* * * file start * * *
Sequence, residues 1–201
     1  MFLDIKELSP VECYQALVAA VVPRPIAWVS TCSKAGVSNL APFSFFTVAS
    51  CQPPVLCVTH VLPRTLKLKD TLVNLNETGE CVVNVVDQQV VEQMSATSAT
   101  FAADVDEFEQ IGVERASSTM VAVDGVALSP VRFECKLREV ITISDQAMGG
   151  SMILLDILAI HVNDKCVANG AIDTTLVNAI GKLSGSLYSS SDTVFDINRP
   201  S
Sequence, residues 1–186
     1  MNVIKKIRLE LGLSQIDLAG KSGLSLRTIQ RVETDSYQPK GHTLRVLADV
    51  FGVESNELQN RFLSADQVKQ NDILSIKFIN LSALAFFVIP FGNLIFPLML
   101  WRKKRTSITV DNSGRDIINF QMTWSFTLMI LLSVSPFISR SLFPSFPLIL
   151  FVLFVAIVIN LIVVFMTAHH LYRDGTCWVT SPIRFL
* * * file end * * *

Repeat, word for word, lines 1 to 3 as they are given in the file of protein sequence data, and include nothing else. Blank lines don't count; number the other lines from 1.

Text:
Sequence, residues 1–201
     1  MFLDIKELSP VECYQALVAA VVPRPIAWVS TCSKAGVSNL APFSFFTVAS
    51  CQPPVLCVTH VLPRTLKLKD TLVNLNETGE CVVNVVDQQV VEQMSATSAT